Ireland and the South

I thoroughly enjoyed reading Quinlan and listening to Gavan Lennon about the various links between Ireland and the southern United States. I’ve been a part of this link my whole life without ever naming it or being aware that it was something outside of my own experience. I remember as a child my fascination with my heritage. Questions such as  When did my ancestors emigrate to the United States? Do we still have family over there? Where exactly is “there”? were often on my mind. My excitement upon discovering that my mother’s side of the family had a family plaid was pretty extreme. We have a few amateur genealogists on that side of the family who have traced our lineage back several hundred years and across many miles of ocean. My faint traces of Scotch-Irishness were granted some legitimacy the other day when I filled out the census. The government wanted to know exactly what sort of white I am. Fascinating.

I found two passages that I think sum up Quinlan’s thoughts.

“Numerous defeated peoples – Poles, Japanese, those from the countries of the former Yugoslavia or of Latin and Central America, to mention just a few – have found it easier to identify with their experience with that of the American South rather than with the more successful parts of the United States. Indeed, the traditional South in many of its social, political, and economic aspects is probably more typical of the struggling world at large than is the rest of the nation.” (2)

“… there are many different ways in which Ireland figures in the southern drama: as a country from which a not-insignificant component of the southern population originated; as a land with a strikingly similar historical experience of defeat, poverty, and dispossession; and finally at least in the Anglophone world, as a culture that has clear resemblances with that of the American South, not least because of the remarkable twentieth-century literary achievements of both unlikely places… Both places have long been the ‘problem’ , if also frequently romanticized regions, of otherwise ‘progressive’ nations. They exist, all too really if often unwillingly, as the untamed peripheries of the respective civilized centers.“(4)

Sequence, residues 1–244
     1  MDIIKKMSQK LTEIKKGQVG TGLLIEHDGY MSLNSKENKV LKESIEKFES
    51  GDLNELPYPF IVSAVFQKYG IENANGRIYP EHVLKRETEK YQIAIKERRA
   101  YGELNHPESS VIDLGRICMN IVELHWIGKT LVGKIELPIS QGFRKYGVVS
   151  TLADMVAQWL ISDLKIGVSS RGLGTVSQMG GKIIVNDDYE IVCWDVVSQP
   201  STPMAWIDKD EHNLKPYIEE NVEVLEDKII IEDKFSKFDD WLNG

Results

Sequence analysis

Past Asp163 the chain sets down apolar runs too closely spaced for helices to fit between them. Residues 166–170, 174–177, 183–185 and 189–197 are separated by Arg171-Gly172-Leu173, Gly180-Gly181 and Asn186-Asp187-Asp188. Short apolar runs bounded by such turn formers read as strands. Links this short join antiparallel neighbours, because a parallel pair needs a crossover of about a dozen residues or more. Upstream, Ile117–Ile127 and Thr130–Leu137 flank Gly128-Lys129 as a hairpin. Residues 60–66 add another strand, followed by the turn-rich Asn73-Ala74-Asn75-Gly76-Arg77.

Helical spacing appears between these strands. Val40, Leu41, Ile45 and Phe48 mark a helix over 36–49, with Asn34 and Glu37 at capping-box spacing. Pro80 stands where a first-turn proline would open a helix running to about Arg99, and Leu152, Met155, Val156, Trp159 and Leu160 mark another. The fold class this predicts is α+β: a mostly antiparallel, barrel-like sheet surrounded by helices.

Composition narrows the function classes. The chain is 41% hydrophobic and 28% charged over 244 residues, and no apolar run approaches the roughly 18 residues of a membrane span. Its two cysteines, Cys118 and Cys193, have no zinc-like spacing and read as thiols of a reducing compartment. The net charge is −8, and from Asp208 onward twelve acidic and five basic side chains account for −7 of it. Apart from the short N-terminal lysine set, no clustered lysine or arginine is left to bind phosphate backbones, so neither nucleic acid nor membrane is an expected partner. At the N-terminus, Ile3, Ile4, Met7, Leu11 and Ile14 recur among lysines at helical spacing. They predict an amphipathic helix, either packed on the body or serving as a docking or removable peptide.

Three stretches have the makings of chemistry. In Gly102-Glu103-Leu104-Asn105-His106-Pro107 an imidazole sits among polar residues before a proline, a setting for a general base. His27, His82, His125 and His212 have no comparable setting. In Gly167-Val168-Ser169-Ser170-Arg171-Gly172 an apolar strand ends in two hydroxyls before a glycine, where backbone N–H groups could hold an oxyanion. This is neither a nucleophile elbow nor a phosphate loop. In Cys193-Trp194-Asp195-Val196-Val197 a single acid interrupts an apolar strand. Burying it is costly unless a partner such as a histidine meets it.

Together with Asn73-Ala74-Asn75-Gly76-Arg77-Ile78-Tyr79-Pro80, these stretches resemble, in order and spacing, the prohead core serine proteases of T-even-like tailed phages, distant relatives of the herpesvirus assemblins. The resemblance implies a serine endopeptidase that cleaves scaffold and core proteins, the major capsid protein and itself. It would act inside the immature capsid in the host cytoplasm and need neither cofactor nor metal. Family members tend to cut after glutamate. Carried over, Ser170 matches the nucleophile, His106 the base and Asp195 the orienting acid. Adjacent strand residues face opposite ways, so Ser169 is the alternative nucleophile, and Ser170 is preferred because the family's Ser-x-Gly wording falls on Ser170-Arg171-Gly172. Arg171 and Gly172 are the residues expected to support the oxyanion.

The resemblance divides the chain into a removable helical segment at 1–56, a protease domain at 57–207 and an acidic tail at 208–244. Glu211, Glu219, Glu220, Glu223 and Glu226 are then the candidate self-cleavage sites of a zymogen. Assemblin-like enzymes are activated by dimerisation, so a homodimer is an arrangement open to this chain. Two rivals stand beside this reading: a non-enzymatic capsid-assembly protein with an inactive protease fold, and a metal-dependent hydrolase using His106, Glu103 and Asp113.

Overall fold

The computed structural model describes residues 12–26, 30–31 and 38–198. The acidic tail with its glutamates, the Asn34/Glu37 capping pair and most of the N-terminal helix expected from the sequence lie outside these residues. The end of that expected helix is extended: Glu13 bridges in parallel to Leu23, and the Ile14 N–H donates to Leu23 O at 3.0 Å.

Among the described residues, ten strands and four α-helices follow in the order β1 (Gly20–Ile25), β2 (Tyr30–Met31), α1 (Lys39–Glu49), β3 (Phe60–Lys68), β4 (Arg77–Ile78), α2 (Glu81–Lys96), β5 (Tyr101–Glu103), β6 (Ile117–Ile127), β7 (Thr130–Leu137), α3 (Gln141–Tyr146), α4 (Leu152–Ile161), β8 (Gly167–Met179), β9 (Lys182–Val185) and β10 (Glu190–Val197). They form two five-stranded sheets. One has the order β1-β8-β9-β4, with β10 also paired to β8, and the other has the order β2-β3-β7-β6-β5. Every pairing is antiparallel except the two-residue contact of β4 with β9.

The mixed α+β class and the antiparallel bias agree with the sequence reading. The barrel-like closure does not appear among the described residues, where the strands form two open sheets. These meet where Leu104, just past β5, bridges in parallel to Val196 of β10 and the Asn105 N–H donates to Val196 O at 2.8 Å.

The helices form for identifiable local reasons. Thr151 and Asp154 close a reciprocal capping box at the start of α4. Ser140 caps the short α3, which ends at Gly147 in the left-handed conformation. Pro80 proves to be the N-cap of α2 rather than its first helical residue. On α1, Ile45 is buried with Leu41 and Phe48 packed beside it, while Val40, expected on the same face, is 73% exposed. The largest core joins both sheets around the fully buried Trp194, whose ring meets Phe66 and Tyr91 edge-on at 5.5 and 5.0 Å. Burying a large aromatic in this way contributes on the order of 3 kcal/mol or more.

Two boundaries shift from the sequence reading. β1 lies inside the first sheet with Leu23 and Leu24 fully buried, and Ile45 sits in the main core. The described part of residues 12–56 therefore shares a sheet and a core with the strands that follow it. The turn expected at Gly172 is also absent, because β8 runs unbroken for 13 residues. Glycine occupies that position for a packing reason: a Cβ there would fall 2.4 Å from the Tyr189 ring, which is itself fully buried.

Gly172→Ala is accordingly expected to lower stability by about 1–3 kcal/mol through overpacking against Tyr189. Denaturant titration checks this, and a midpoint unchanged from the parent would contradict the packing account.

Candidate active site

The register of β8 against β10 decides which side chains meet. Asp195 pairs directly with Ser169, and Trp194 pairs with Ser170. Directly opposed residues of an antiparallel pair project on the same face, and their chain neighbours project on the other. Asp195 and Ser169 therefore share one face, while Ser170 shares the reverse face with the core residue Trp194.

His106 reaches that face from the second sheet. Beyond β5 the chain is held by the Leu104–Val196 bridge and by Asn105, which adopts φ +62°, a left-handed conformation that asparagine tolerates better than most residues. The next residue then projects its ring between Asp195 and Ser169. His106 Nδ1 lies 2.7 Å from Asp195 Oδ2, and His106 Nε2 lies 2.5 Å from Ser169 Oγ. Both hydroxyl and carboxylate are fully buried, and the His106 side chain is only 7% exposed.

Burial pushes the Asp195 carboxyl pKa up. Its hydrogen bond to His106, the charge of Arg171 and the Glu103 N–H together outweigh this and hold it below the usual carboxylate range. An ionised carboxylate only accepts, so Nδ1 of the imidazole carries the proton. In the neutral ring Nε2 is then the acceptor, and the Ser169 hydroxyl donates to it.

He pretty explicitly lays out where he sees similarities between the two places. They’re like the red-headed stepchildren (a phrase I use to demonstrate the pervasiveness of anti-Irish sentiment, even all these years later) of their respective parent nations . Both quotes discuss the less desirable but still romanticized character of the two regions. They have both suffered defeat and poverty, perhaps partly caused by themselves. Both were largely agricultural economies. He mentions the similar cultures, most specifically the incredible literary output of the two. From the south you get literary bastions like Faulkner, Twain, and Williams. From Ireland, folks such as Joyce, Yeats, and Lewis come to mind.

The interview with Lennon was a nice parallel to the Quinlan reading. I enjoyed hearing him talk about the South and North in Great Britain. Since I’ve never been to Great Britain or read extensively about the culture there, I have no real knowledge of what cultural differences are present and what prejudices exist. Hearing about the encounter with the two gentlemen from the boat was interesting. The fancy man talking down to the man with geordie accident is something I’ve seen before. It reminded me of a few times when I’ve seen thick southern accents get looked down upon. Even my slight accent has drawn a bit of disdain when I’ve traveled to other places in the United States.

The reading and the podcast from this past week tie into previous themes of American and Southern exceptionalism. Turns out, exceptionalism isn’t just a southern or American thing. All sorts of people think they’re better than everybody else. Delightful.


Quinlan, Kieran. Strange Kin: Ireland and the American South, Louisiana State University Press, 2005.

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